“Success is not final, failure is not fatal: it is the courage to continue that counts.”
I would be stating the obvious if I were to say that none of us are purely perfect human beings and that we don’t have an ability to act and think flawlessly. That being said, it’s understandable to say that most of us are absolutely terrified of the very thought of failing, and when we do fail, we’re heavily being conscious about peers judging us. Without having the ability to fail, we put ourselves in a world where we have no idea on what our strengths and weaknesses are. As a consequence, life becomes plain as vanilla for every one of us.
When I’m not writing or working on the latest marketing project at Our IdeaWorks, I’m a swimming coach at a local pool. Most of the kids that I coach or teach swimming are between the ages of 8 to 14. Kids at this age are almost encouraged to fail, because when they’re doing an activity, they won’t have the slightest idea of what they’re doing wrong. As a consequence, it’s hard for me to do my job.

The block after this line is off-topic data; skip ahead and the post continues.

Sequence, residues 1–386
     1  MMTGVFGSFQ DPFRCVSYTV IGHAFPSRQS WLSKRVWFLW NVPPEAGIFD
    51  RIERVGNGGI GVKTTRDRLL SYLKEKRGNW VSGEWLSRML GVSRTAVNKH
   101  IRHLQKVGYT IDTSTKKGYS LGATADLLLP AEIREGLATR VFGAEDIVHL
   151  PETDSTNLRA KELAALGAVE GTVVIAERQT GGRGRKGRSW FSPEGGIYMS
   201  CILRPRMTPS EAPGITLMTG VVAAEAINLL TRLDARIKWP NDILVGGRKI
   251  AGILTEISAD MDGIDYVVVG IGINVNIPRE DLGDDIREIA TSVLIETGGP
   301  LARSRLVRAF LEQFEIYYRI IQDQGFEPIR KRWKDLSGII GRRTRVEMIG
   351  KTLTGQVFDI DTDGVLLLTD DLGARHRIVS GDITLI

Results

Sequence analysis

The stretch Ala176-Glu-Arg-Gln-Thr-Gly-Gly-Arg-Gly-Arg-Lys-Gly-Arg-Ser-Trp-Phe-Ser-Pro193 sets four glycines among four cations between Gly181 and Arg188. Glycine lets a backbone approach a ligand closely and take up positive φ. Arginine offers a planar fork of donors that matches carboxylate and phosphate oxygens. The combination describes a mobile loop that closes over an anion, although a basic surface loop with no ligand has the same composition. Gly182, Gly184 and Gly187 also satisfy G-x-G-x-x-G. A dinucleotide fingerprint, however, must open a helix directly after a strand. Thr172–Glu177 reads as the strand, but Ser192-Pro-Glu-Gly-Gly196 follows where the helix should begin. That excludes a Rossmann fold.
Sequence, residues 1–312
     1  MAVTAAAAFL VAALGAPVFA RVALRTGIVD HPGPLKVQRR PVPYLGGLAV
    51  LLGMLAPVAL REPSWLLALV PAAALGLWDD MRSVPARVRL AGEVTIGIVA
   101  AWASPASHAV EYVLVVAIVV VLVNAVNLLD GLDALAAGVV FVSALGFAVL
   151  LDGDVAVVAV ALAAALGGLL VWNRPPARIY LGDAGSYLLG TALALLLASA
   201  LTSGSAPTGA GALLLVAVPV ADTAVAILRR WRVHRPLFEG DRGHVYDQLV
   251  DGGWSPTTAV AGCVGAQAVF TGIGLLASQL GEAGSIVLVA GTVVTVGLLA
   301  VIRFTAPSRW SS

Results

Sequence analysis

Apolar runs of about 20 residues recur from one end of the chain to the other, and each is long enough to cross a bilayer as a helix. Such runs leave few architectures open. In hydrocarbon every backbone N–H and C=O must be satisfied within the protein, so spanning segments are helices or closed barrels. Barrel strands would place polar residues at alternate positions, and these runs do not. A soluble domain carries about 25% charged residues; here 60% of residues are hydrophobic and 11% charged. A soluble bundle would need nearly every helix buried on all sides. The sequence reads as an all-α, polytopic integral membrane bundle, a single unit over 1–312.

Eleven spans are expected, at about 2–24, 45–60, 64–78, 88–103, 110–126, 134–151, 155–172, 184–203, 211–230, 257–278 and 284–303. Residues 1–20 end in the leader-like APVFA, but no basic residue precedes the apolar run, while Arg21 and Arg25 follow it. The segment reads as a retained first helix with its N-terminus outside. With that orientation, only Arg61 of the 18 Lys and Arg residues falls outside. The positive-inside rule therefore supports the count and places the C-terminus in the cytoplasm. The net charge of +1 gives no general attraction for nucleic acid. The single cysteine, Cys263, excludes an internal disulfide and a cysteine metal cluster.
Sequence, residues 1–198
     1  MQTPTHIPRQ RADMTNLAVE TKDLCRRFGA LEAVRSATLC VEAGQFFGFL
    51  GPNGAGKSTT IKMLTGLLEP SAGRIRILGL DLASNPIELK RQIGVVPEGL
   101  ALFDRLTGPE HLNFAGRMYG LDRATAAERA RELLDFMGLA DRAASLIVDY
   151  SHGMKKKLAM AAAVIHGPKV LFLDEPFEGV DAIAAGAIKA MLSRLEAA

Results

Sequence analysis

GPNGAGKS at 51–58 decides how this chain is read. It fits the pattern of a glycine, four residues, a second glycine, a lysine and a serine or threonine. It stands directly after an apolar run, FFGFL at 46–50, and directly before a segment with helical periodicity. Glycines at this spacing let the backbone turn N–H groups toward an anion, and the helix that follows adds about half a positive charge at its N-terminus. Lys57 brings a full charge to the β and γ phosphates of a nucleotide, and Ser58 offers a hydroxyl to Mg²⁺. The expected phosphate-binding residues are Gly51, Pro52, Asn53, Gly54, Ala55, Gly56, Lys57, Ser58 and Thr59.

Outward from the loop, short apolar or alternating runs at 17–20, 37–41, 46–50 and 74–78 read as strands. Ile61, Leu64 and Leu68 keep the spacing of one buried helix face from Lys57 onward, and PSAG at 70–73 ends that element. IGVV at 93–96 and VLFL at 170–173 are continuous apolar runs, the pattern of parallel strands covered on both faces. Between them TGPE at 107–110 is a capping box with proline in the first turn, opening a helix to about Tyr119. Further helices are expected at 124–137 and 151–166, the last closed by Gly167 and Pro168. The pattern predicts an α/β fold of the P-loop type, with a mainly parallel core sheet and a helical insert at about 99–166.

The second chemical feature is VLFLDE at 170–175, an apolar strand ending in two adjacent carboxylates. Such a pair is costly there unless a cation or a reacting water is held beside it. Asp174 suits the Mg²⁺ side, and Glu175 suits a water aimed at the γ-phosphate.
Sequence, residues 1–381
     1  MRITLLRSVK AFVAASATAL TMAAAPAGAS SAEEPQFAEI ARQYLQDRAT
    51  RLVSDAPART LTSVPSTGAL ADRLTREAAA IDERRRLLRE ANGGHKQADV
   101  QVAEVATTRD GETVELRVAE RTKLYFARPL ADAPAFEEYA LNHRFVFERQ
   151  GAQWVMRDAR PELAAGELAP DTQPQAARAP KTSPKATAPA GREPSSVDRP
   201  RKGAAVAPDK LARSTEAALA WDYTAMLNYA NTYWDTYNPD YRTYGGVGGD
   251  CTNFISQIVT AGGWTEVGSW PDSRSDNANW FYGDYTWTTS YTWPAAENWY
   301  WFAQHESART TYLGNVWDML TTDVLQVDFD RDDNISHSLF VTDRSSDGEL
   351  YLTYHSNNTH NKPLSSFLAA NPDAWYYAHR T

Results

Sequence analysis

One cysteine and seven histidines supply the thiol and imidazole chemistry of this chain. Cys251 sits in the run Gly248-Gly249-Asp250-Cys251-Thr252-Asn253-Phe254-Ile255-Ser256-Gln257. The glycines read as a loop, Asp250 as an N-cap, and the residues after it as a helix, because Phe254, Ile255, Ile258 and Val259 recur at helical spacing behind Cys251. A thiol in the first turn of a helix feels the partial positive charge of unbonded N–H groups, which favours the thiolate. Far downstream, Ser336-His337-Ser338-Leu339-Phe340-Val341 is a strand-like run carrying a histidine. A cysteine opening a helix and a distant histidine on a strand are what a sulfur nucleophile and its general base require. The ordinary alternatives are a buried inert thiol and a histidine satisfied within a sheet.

Failing at something is almost like experimenting, you never know until you try. You fail at something, you attempt to do something else until something clicks. I’ve been around children for most of my early adulthood through coaching water polo or swimming, and I have been pleasantly surprised about the fact that almost all of these kids that I’ve coached are undaunted about failing. Children around this age are all about having fun at something whether or not they’re good at it.
Innovators are the same way. Failing is a natural part of the process when coming up with a new idea. If innovators have no idea how to fail, then it’s impossible for them to describe what can be improved on so they can make their idea better. We’re always looking for better, and I think having the ability to fail fosters that tendency.
Nicholas P. Saichin
March 1, 2016